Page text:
Section 461.005(8) defines “owner” for purposes of Chapter 461 as:
[A] person or persons having a right, exercisable alone or with others, regardless of the terminology used to refer to the owner in any written beneficiary designation, to designate the beneficiary of a nonprobate transfer, and includes joint owners․
The Bank does not contest that Dorothy was a person, and that she had rights that she could exercise with respect to the Property. The Bank claims, however, that the phrase “to designate the beneficiary of a nonprobate transfer” modifies the phrase “a person or persons having a right,” requiring reference to the definition of “nonprobate transfer” to fully comprehend the meaning of the term “owner.”
“Nonprobate transfer” is defined in section 461.005(7) as:
[A] transfer of property taking effect upon the death of the owner, pursuant to a beneficiary designation. A nonprobate transfer under sections 461.003 to 461.081 does not include survivorship rights in property held as joint tenants or tenants by the entirety, a transfer to a remainderman on termination of a life tenancy, a transfer under a trust established by an individual, either inter vivos or testamentary, a transfer pursuant to the exercise or nonexercise of a power of appointment, or a transfer made on death of a person who did not have the right to designate his or her estate as the beneficiary of the transfer.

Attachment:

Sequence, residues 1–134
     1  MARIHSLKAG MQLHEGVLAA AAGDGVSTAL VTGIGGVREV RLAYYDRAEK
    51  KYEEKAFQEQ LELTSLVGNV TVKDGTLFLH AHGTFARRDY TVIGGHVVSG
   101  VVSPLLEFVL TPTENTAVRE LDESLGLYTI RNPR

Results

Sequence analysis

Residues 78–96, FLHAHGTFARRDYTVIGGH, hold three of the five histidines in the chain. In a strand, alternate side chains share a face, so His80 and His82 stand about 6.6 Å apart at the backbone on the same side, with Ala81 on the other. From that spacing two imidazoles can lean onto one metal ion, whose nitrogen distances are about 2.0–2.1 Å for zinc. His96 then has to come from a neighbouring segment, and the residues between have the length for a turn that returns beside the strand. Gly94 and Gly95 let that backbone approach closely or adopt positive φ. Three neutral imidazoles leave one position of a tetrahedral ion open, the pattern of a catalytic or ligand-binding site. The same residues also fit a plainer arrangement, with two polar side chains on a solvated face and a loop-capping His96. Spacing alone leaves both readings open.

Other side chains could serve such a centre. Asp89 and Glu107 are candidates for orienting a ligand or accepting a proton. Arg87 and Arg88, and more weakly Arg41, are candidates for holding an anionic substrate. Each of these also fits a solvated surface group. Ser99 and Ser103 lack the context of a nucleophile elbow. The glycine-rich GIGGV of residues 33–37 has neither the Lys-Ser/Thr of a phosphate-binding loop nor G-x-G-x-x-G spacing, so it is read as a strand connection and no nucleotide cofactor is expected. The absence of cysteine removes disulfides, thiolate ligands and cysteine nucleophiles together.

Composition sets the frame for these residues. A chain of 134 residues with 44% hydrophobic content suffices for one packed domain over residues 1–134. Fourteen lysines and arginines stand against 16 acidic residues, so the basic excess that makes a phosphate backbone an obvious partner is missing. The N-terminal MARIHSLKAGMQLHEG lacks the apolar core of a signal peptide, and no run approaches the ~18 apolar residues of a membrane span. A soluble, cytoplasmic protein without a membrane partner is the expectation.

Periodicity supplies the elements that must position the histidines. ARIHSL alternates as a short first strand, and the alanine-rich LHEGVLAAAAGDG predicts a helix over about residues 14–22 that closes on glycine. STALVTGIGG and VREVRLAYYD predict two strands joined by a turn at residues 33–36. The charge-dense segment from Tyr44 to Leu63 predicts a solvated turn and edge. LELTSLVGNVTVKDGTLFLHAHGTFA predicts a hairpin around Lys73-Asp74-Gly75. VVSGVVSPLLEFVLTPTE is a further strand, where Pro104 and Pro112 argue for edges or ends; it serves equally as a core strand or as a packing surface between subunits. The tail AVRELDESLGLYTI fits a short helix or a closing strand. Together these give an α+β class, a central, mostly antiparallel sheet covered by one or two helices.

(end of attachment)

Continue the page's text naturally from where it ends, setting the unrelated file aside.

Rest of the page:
(Emphasis added.) The first sentence of this definition is plain and unambiguous, and includes within its ambit any transfer effective on death of the owner that occurs by virtue of a “beneficiary designation.” “Beneficiary designation” is defined as “a provision in writing that is not a will that designates the beneficiary of a nonprobate transfer, including the transferee in an instrument that makes the transfer effective on death of the owner․” Section 461.005(2). The 2002 Beneficiary Deed plainly falls within the scope of the first sentence of the definition of “nonprobate transfer.”
The Bank does not disagree that the 2002 Beneficiary Deed is a “nonprobate transfer” if only the first sentence of the definition is read. The Bank argues that the second sentence of the definition of “nonprobate transfer” operates to narrow the scope of the first sentence, however, because it lists transfers as to which the legislature intended to prohibit the use of beneficiary deeds. Because this list includes “a transfer to a remainderman on termination of a life tenancy,” and because the 2002 Beneficiary Deed had the practical effect of creating a remainderman on the termination of Dorothy's life tenancy, the Bank argues that Dorothy was not an “owner” as defined by section 461.005(8). As such, according to the Bank, Dorothy's execution of the 2002 Beneficiary Deed was a legal nullity.